EDITORIAL: Project a boost for child health

The health and wellbeing of children in our poorest communities must remain in the spotlight and that is why the KaziBantu project, Healthy Schools for Healthy Communities, has an important role to play in Nelson Mandela Bay.

The project, a collaboration between Nelson Mandela University, Basel University in Switzerland and the Swiss Tropical and Public Health Institute, aims to build on the earlier Disease, Activity and Schoolchildren’s Health Project (Dash), which at the time brought worrying findings to light about the state of local schoolchildren’s health.

Intestinal parasites, for instance, were found to be a widespread problem – and it is one which, if left untreated, could have a profoundly negative effect on a child’s future wellbeing.

Ironically, it is also a relatively simple affliction to treat.

It is, therefore, encouraging that the provincial health department, along with the education department, has thrown its weight behind the KaziBantu project.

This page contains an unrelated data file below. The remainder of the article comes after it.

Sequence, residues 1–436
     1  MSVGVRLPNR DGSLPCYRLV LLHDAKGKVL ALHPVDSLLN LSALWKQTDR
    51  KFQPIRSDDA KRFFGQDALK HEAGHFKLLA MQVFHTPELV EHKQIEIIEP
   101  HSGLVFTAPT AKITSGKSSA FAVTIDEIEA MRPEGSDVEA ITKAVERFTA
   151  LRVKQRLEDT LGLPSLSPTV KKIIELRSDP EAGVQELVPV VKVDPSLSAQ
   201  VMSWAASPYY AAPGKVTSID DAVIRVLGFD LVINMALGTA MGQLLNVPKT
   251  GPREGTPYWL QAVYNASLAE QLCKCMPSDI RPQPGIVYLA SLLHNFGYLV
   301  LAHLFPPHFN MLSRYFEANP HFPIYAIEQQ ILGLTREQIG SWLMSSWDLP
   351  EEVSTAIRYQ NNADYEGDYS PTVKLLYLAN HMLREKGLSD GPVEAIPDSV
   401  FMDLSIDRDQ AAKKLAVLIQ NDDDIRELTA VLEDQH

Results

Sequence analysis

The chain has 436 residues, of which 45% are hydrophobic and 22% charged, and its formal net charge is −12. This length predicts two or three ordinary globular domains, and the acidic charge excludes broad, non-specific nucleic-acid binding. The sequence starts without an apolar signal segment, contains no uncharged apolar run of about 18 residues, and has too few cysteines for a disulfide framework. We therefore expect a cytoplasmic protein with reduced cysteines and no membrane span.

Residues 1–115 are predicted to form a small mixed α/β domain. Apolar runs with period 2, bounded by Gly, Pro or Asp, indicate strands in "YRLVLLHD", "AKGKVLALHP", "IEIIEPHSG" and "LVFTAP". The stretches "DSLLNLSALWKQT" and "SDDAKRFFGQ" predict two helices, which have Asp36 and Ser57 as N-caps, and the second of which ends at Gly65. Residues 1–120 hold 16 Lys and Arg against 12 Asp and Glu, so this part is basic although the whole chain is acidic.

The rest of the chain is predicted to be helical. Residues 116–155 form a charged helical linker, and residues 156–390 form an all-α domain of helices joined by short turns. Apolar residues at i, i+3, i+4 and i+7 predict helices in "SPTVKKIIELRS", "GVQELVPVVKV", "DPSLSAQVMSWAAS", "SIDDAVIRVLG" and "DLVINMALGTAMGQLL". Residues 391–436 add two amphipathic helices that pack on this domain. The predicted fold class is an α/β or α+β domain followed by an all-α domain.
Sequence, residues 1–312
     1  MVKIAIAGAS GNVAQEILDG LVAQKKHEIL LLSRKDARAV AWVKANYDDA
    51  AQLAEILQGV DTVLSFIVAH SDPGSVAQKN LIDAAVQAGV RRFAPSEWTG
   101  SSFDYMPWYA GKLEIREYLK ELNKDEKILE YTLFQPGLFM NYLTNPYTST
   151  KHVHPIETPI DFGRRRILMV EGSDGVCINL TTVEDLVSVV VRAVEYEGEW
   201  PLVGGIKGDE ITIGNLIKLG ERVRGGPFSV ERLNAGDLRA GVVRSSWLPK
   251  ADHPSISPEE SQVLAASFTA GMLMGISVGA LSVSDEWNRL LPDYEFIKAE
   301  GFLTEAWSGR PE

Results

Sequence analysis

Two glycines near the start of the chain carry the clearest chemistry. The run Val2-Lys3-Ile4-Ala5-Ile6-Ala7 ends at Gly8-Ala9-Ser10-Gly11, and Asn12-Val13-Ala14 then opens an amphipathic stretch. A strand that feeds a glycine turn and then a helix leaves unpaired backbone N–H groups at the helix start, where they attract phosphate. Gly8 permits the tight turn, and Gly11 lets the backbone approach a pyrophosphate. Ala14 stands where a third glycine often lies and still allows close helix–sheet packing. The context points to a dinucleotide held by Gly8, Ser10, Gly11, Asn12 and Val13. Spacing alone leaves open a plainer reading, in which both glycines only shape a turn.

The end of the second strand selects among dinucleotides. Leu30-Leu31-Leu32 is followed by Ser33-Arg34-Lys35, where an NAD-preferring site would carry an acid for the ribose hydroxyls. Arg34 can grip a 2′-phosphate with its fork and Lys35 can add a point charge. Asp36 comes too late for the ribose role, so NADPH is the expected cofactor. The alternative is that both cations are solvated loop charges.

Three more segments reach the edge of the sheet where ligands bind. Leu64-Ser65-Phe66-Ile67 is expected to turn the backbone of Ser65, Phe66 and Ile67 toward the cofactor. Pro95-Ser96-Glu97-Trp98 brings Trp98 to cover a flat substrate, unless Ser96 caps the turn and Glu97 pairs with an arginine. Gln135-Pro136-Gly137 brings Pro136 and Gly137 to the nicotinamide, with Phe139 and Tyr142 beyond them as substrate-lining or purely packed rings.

Children in the city’s most disadvantaged communities are facing a daily health battle greatly affecting their current and long-term quality of life.

Sickly children often become sickly adults, and so the cycle – kick-started by poverty – inevitably continues.

Good nutrition and hygiene, basic healthcare and fitness are absolutely essential to make sure our children grow up into strong, healthy and productive adults – and education, unquestionably, is a key part of achieving that.

Fitness is an important component in the arsenal of tools a child will need down the line and yet, in many Bay schools, sports are not offered and there are zero facilities for physical education.

Exercise will not only help counter the obesity epidemic we have come to see in this country (and which frequently starts in childhood), but interacting with other youngsters on the sports field also teaches teamwork, leadership and relationship skills.

It is noteworthy that the programme also focuses on teachers’ health since these individuals are often role models, whether they choose to be or not, with the potential to wield a lasting influence on our children.

Leave a Reply